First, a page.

Susan Bysiewicz earlier this week announced she has joined the new Glastonbury office of the law firm Pastore Shofi & Dailey, practicing corporate law. She's been at work already a couple of weeks energetically getting the place "up and running."
In 2012, Bysiewicz lost the Democratic primary to then-U.S. Rep. Christopher Murphy, who was just sworn into Sen. Joseph Lieberman’s vacated seat.
Bysiewicz began her political career as a state representative for the 100th Assembly District from 1992-98 and spent 12 years as Secretary of the State from 1999-2011. She was briefly a candidate for governor in 2010, before dropping out to run for Connecticut Attorney General.
The lifelong Middletown resident lives with her husband, a small business owner and three adult children, two of whom attend Wesleyan University and one who will graduate from Middletown High School this spring.
Bysiewicz spoke with Patch to explain the motives behind her career move, whether she's done with politics for good, and the lack of female leaders on the state and federal level.
Patch: What's it been like to reconnect with family after a grueling primary bid?
Bysiewicz: It was fantastic to take a deep breath and spend a good month or two making sure the 17 people working on my campaign staff had positions. I spent some really good, quality time with my family. I'm excited now to focus on helping build this new firm and build a client base and work with business clients.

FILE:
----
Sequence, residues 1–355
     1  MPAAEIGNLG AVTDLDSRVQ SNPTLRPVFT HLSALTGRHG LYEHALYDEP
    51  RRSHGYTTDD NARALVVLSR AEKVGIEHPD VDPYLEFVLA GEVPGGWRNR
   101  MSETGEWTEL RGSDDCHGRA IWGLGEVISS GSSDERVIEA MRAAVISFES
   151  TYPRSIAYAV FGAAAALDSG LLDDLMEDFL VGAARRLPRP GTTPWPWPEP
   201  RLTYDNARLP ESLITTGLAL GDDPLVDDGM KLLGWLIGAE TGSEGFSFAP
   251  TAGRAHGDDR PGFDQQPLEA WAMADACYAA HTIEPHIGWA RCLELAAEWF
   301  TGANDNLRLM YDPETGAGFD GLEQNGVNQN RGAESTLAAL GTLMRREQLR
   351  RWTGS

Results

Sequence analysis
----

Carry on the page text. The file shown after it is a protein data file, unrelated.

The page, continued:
Patch: What made you reassess your career after the election?
Bysiewicz: I have two kids in college and any parent who's put one or more children through school knows, it's an expensive proposition. I never very much that I wanted to get back into private practice. I love being a lawyer.
Patch: So are you done with politics?
Bysiewicz: I never got that crystal ball to be able to predict the future. I've got my sleeves rolled up now and I'm looking forward to helping clients with business law. I do see myself involved in making a difference but I'm not sure what form that will take.
Patch: What do you say to those who may wonder if you are building your resume to run for attorney general?
Bysiewicz: Many people in public service are lawyers. I have no immediate plans to run for public office. I love policymaking and public service but I very much want to build a very good private practice. Joe Pastor is a friend and a fellow law colleague. He's put together a team of very talented professionals with similar backgrounds.
Patch: Do you believe fellow Democrat Chris Murphy will carry forth with many of your ideas during the primary?
Bysiewicz: I do because I think we agreed on a good number of issues, some issues we disagreed upon and the primary was the opportunity to have a lively debate on that and now we both agree on the tremendous need to have bipartisan cooperation because of the massive budget issues and deficits. I know Chris and I feel very strongly that we need to have meaningful gun laws passed, especially at the federal level where there is a tremendous call for background checks and basic things like making sure the assault weapon ban gets reinstated.
Patch: Some say your career follows a trajectory not unlike that of your personal hero, Gov. Ella Grasso. Does considering her legacy stir thoughts of things you've yet to achieve?
Bysiewicz: She was a pioneer, especially in her profession which heretofore had been dominated by men. While Gov. Grasso might be encouraged by some progress women have made, if you look at other countries, women have made much more progress there then we have her in our country.
We need to continue to mentor competent women to run for government office. Women leaders are making a difference when they are elected. I'd like to see more women help to level the playing field. In the business world, when you look at board of directors or leaders of major corporations on the Fortune 500, you see few women at the helm of those companies. We need to have more leading states and Congress.